But I do not want you to be ignorant, brethren, concerning those who have fallen asleep, lest you sorrow as others who have no hope. (1 Thessalonians 4:13)
When a loved one dies, we grieve our loss deeply. It wrenches out our very soul. We ache for what we will miss. The memories conjured up in the weeks and months afterward remind us of the life that will no longer be part of ours – and we are forced to experience that pain over, and over, and over again.
But it would be a lot different if our loved one did not know Christ.
The apostle Paul recognized the way the world views death – with a sense of finality and hopelessness – is not how the believer should respond to the passing of a friend or a family member. He reminds us they are asleep, a term Jesus himself used before raising Lazarus (John 11:11) and the synagogue leader’s daughter (Mark 5:39). Death for the Christian is not death at all; the believer is just absent from the body and present with the Lord (2 Corinthians 5:8). That body – now asleep – will be resurrected and reunited with the loved one’s soul (1 Corinthians 15:35-57; 2 Corinthians 5:1-9).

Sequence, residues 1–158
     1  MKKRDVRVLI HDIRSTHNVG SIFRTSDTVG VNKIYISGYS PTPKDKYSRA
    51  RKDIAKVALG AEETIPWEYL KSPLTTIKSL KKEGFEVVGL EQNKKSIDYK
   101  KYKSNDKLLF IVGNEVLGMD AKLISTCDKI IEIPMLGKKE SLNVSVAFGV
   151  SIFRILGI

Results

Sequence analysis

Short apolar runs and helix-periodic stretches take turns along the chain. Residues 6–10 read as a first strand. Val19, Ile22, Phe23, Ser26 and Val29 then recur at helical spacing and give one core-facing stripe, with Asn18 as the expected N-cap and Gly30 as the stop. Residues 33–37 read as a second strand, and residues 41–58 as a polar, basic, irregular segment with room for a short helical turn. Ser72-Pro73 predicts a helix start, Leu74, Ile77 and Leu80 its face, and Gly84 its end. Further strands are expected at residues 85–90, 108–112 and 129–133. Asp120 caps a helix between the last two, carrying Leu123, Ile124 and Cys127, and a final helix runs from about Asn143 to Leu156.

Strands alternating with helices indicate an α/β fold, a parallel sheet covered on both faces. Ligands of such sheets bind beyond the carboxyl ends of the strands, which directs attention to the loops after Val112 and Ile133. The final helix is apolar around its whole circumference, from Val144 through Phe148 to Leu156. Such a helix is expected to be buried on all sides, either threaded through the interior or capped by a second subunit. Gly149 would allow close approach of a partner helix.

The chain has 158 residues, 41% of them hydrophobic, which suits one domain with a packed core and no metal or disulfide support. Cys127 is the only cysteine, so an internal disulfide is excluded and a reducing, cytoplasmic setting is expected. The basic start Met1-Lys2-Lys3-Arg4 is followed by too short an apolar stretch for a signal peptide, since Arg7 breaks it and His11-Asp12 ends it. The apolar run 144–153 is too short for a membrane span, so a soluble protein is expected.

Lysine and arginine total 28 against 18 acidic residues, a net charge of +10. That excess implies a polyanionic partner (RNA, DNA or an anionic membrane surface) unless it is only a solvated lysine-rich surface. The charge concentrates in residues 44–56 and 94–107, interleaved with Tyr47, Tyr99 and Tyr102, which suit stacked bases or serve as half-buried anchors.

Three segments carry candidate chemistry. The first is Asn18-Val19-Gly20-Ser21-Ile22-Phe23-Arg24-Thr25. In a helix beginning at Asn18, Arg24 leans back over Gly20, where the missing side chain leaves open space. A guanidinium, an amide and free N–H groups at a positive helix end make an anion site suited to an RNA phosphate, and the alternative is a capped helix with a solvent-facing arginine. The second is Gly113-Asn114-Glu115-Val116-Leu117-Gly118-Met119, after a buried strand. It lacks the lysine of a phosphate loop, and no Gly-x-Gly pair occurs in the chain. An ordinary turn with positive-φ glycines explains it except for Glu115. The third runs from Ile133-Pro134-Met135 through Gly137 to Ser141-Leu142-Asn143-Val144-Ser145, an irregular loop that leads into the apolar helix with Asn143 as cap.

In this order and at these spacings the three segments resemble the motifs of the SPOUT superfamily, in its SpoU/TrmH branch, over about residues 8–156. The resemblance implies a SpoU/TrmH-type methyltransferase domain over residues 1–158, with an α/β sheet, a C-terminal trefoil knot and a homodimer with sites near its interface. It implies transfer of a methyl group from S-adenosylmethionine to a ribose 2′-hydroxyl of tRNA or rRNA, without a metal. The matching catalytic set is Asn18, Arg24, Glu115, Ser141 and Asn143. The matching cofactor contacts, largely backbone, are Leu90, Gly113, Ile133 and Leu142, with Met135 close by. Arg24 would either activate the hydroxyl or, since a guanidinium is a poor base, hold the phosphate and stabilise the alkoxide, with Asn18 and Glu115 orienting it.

Does that mean we shouldn’t grieve when a believing friend or relative dies? Quite the contrary: Grieving is critical to help us process the past, accept our present, and embrace our future. Like death itself, grief is part of life. It is an excruciating, yet necessary, life experience. Life without our redeemed loved one morphs into a new normal. We look forward to seeing how God will direct our steps. We have the confidence – the hope – that the “sleeping” Christian is very much alive in the arms of the Savior.
The real tragedy is for those who have not given their lives to Christ. When one of their friends or family members dies, there is no hope – a stark contrast to the eternal outlook, perspective and security of the believer. May we have a heart for the hurting, and to share the Good News of Christ with those who desperately need the hope that only comes through faith in Him.
Written by Paul Ciotta: Chaplain Paul Ciotta serves at the Colony of Mercy, where men struggling in the bondage of addiction seek a closer relationship with Jesus Christ. He has been connected with America’s Keswick for more than 20 years as a vacationer, donor, and pastor/delegate and mentor to Colony graduates. He can be reached at email@example.com.